NOAC'S

Hi everyone.

I would like to ask all of you on any of the Noac's (especially Apixaban) if it was explained to you by EP or GP how we know they are working for SURE. I know the stock answer is that they work in a different way to Warfarin and without any food or drug interactions will not vary as warfarin does. BUT knowing what my INR is does give me some confidence in warfarin, it just seems we have to just assume the Noac's are working as there is no test to confirm. Just about every other drug we take a blood test tells us if it is working and whether any adjustments need to be made as we are all different and react differently.

I am probably having to change from warfarin due to side effects, but need convincing the noac's do indeed work and also how a lower dose can work as well as the higher one. A difficult question I know but any thoughts you can give me would be really helpful. Many thanks Joyce.

22 Replies

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  • Hi Joyce. Do you need proof that there is oxygen in air before you breath? There are I believe tests which can tell how much of the drug is present in you body but they do not do anything do confirm efficacy. The drug works in a completely different way to warfarin as you already know. Warfarin is a vitamin K antagonist and it reduces thrombins which are part of the clotting process produced by the liver. NOAC's work on Factor Xa (pronounced TenA ) which is a different part of the clotting chain.

    Bob

  • Hi thats the way I look at - It never crossed my mind to think that it would not work . I went for my annual blood test at docs and nurse commented blood seemed a bit thin so must be.

    Had to go again as there were concerns about glucose levels, - flipping heck , not that as well.

    Got a flu jab as well .

  • Warfarin is fickle stuff and its effect isn't static because it gets upset by what we eat or by our individual metabolism. Thus an INR test is required to indicate how well (or how inefficiently) it is working. On the other hand it can be assumed that the NOACs do work because there's no reason why they should not be working.

    I think a lower dose may be for people with low body weight. One of the NOACs has a smaller dose for people under 60kg.

  • Sorry to intervene on someone else's post but I wonder if you would tell me which is the NOAC for people under 60kg? I have just been told I cannot use Pradaxa, as I weigh less than 50kg and so I am going to have to start on Warfarin. Thanks for your help.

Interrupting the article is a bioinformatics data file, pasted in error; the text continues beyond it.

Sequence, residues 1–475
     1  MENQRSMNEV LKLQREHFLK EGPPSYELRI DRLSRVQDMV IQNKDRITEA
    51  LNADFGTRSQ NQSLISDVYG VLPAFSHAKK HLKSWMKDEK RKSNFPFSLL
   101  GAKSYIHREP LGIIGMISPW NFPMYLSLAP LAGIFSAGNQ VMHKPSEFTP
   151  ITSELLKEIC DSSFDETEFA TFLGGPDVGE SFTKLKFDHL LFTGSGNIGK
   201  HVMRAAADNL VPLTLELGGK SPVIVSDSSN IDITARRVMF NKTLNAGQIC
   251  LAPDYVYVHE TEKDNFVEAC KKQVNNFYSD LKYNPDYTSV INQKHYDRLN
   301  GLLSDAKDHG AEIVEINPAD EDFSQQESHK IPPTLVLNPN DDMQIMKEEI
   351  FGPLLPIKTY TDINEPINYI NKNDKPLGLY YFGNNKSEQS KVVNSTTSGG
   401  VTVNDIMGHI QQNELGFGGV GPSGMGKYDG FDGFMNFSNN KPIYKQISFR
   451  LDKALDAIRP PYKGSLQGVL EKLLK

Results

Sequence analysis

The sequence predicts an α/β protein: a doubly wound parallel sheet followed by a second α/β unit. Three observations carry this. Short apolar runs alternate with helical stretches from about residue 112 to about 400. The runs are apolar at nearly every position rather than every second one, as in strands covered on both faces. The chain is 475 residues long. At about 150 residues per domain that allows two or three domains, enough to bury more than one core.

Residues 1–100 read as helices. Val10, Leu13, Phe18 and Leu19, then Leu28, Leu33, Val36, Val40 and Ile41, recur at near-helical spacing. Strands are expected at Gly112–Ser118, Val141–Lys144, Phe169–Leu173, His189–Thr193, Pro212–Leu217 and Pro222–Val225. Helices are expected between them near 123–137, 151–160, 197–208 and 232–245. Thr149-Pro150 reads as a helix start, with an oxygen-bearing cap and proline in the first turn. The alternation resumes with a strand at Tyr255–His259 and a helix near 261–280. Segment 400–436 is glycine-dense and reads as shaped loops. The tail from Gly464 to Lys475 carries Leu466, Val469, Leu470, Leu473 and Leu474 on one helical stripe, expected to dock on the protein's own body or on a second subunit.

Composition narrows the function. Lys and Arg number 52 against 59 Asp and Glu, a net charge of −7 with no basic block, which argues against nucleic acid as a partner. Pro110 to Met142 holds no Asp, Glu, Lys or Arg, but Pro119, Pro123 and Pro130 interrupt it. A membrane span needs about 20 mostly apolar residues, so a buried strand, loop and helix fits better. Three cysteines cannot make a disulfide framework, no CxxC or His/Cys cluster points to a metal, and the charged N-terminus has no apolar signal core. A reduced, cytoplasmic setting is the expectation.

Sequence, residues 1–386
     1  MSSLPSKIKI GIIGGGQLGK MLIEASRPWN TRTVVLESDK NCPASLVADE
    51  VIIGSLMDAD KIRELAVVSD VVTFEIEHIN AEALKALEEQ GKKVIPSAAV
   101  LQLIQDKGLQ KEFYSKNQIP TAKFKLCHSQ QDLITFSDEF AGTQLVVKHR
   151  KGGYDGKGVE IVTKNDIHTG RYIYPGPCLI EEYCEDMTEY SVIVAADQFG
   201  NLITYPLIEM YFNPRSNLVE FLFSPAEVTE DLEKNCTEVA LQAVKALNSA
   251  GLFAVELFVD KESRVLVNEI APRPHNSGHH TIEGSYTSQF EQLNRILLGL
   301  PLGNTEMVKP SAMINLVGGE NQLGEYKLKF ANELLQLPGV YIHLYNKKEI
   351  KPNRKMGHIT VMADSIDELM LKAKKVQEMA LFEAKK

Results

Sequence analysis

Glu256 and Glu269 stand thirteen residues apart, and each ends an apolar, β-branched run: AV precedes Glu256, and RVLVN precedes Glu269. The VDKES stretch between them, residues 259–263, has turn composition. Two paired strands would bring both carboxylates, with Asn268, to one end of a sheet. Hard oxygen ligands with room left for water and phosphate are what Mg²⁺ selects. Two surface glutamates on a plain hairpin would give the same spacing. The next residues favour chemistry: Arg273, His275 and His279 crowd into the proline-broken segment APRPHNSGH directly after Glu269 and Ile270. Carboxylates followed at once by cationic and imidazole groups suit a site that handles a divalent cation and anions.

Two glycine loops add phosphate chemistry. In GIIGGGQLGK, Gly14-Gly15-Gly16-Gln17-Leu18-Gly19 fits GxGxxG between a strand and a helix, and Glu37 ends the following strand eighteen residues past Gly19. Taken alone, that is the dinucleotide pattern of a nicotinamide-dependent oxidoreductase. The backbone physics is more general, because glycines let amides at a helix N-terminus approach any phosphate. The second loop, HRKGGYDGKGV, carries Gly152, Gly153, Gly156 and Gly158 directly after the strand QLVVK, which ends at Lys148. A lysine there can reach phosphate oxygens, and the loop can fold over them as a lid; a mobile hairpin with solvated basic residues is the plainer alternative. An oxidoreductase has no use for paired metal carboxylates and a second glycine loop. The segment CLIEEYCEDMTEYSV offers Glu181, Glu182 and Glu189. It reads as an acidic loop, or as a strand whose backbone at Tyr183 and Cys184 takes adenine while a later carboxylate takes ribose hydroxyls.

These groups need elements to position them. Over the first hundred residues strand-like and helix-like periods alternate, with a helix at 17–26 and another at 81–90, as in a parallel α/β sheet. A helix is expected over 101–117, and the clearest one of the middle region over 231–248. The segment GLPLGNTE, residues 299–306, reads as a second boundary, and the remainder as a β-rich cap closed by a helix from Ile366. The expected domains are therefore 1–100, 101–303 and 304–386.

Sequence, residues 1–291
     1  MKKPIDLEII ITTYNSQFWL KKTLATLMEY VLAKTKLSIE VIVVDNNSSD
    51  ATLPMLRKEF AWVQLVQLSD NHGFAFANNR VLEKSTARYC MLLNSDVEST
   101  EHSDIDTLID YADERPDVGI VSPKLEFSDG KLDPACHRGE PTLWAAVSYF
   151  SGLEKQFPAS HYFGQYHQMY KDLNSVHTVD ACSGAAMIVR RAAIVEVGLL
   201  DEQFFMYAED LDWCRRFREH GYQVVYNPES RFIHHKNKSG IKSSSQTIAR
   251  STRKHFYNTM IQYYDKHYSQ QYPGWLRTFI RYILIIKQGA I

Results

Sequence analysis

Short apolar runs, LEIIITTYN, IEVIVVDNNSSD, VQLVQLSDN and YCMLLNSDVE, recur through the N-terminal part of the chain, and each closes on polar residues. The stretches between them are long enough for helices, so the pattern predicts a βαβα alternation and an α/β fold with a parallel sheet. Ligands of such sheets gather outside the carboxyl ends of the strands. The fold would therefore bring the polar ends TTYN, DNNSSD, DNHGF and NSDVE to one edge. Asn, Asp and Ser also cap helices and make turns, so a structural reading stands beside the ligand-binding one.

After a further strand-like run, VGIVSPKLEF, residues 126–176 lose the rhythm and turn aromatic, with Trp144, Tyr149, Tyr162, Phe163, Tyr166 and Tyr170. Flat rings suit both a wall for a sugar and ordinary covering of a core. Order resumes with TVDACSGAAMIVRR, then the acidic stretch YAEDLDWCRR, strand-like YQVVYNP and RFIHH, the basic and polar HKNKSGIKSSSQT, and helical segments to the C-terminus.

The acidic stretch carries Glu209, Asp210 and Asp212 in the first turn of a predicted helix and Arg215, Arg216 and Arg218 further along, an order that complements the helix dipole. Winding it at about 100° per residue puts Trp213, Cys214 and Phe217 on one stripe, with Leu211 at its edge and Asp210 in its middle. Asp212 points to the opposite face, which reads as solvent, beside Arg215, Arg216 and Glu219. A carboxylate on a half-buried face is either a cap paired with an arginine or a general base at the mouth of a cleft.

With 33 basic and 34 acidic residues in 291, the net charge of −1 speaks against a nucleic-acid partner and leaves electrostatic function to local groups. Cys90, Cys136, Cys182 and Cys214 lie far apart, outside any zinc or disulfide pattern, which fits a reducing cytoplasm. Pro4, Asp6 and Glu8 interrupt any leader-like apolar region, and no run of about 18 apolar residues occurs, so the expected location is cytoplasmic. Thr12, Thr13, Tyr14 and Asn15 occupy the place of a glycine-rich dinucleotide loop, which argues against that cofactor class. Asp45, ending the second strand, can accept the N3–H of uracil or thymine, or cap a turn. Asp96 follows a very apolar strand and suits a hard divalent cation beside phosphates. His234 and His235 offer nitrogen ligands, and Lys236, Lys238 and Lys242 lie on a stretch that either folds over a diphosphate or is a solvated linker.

• Here's a link to a pdf file produced by Cumbria NHS comparing the 3 older NOAC's - you'll see that Apixaban has a small dose which is suitable for certain people:

    networks.nhs.uk/nhs-network...

  • Thank you for replying. I will check this out with my consultant. I do not seem to fit the exact criteria, unfortunately and I am very thin, in spite of being perfectly well nourished. Very annoying!

  • Yes, it looks like it's Apixaban. I have added the Cumbria NHS site to my favorites - full of useful info and some stuff I can't understand.

  • Rivaroxaban has a smaller dose, 15 instead of 20mg. I weighed 52kg when I started taking 20mg, so probably worth asking about that?

  • Thanks Buffafly. That is interesting. I wonder why the consultant has not suggested it? I will now ask! How are you getting on with it, as you are similarly tiny? I am less than 50kg and lose very easily unless I keep eating many meals a day. Have you had any side effects?

  • I was the same until I was put on Diltiazem! Then I ballooned, I suspect because it incidentally cured my IBS so I pigged out but it seems to have settled at 56kg now.

    I have had no side effects that I can definitely blame on Rivaroxaban. I have had some joint pain but as I already had osteoarthritis I can't be sure and Warfarin was a nightmare for me. I had never heard of the NOACs and my doctor told me to take aspirin which had very bad side effects so I stopped. As a result I was totally unprotected when I had several days of AF, racing heart etc at the age of 69. Needless to say I had not found this helpful group then!

    I hope you are able to change, good luck!

  • Thank you for your reply. I am not on anything at the moment as my various doctors/consultants have been trying to decide what to do with me and have finally decided on Warfarin. I am very up and down, because of having no thyroid and I take medication daily for that so the thought of another thing to add to the mix is not enthralling me. I doubt if I will ever get stable on Warfarin if you also found it difficult.